Tombstone Tuesday–James Henry Brewster

James Henry Brewster (1841-1916), Mt. Hope Cemetery, Montgomery County, Kansas

This is the tombstone of James Henry Brewster. The tombstone is located in the Brewster plot of Mt. Hope Cemetery, Independence, Montgomery County, Kansas. The tombstone is inscribed BREWSTER, James H., Penn. 1841-1916, Co. E 80th O.V.V.I.– Jane, his wife 1840-1940.

James Henry Brewster was born 9 August 1841 in Pennsylvania. He was the son of Jackson and Mary Ann (Martin) Brewster and was the older brother of my great-great-grandfather, Daniel Brewster. James Henry Brewster married Jane Newton 8 March 1866 in Tuscarawas County, Ohio. Jane Newton was born in 1840 in Ohio and died in 1940 in Montgomery County, Kansas.

James Henry and Jane Brewster had eleven children: Henderson Angelo (1867-c1946), Franklin Delano (1868-1933), Caroline “Callie” (1870-1947), Margaret “Maggie” (1871-1942), Jesse B. (1873-1944), Flora Belle (1875-1965), Niles Orland (1876-1902), Millie Nell (1878-bef 1970), Daisy (1880-bef 1900), Emerson Walter (1883-bef 1970), and Jennie (1884-1969).

James Henry Brewster was enumerated with his family in Goshen Township, Tuscarawas County, Ohio, in the 1880 US census. His occupation was stone mason. The family moved to Kansas a few years later.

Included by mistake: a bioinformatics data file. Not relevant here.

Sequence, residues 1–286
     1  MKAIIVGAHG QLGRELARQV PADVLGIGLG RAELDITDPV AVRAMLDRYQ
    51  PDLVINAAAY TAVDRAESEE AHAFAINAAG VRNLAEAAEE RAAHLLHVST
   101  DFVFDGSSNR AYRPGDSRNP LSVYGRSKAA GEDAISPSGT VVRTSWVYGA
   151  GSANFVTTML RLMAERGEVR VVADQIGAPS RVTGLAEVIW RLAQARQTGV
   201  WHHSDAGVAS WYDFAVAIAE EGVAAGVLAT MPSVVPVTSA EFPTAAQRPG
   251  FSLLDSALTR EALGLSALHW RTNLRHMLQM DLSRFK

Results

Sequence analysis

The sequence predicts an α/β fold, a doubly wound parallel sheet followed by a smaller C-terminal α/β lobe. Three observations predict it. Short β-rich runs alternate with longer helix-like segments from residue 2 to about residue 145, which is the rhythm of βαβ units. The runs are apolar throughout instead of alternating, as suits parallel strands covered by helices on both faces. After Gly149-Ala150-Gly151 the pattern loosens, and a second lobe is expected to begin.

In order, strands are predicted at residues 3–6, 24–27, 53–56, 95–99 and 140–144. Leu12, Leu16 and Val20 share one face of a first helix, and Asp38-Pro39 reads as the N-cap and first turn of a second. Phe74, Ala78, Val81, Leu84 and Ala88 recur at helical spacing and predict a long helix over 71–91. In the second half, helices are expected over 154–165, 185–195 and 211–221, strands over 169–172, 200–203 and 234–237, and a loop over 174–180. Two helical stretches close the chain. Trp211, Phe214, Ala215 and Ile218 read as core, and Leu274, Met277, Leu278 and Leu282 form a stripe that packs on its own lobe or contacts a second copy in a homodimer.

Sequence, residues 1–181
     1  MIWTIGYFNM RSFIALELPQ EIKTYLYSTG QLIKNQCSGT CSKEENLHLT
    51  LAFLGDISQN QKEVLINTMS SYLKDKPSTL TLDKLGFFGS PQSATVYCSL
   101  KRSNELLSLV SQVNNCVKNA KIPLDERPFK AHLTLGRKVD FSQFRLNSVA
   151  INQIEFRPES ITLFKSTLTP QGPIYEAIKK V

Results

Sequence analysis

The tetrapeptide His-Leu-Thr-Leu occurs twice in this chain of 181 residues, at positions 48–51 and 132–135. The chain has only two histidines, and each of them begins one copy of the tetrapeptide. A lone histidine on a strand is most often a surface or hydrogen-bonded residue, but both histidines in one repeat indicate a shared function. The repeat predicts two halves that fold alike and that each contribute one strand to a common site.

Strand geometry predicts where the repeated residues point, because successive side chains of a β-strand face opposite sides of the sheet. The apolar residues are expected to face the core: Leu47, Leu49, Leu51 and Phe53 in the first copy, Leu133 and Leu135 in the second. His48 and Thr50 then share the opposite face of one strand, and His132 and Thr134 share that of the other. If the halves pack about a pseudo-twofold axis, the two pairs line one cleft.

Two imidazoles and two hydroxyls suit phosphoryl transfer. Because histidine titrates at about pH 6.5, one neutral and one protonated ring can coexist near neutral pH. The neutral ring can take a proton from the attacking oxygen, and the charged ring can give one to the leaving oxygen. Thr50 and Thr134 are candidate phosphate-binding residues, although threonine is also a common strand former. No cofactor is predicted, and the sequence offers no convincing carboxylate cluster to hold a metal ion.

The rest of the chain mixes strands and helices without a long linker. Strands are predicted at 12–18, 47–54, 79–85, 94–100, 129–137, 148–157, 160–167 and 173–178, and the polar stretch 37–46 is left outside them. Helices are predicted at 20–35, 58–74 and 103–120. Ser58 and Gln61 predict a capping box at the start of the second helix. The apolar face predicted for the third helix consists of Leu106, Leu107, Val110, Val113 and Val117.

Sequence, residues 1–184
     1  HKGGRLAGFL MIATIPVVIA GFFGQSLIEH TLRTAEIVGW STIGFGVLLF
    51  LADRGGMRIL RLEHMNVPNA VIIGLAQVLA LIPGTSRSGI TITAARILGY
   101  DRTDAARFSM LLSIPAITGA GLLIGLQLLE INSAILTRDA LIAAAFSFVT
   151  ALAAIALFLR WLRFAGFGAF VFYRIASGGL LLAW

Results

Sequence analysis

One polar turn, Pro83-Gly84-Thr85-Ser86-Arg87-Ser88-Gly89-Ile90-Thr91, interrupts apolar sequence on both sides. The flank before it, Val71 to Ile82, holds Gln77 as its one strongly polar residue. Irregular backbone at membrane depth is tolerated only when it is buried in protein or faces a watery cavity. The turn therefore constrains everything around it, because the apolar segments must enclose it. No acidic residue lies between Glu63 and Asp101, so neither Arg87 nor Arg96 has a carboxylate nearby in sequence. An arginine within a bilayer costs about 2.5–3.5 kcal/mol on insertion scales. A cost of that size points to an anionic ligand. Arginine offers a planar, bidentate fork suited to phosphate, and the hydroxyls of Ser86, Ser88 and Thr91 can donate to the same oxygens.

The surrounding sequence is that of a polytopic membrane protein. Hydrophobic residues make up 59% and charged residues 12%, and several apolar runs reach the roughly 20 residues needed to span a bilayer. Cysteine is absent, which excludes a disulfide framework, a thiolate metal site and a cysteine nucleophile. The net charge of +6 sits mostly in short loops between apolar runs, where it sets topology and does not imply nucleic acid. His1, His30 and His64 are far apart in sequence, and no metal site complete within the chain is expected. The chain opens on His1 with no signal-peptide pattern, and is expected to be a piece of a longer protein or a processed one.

The 1903 Montgomery County, Kansas, History gives quite a bit of information about James Henry Brewster:  (James Henry Brewster) has lived four miles east of Independence for the past twenty years, and is himself one of the leading contractors of the county. (He) is a native of Pennsylvania. He learned the stone-cutters’ trade and followed it for some years in the east. He married Jane Newton in 1865 or ’66, and lived in Tuscarawas County, Ohio, until his coming to Kansas in 1884. He has since cultivated the farm on which he now resides, and, in addition, has carried on an extensive business as a general contractor in the county. Many of the larger public buildings are of his construction, notably the last two school buildings built in Independence. His citizenship during his residence in Montgomery County has been of the highest quality and the large family which he has reared reflects credit upon the different communities of which they are members. (James and Jane) are both life-long members of the M. E. Church, and are held in high esteem by a large circle of friends. Their children are: Henderson A., a contractor at Coffeyville; F. D. [Franklin Delano], [a contractor at Independence]; Caroline, Mrs. Harvey Wilson of Burlingame, Kansas; Maggie, wife of John Dreher of Montreal, Canada; Jesse B,  a contractor at Bartlesville, I.T.; Flora B, Mrs. Frank Stovall of Guthrie, Ok. Ty.; Minnie N., wife of F. G. Wilson, of Independence; Miles [Niles] O., deceased in 1902, at twenty-three years; Emerson W., a bricklayer of Oklahoma City; Jennie, single; and Daisy, who died in infancy. (source: History of Montgomery County, Kansas, Duncan, 1903:734-5)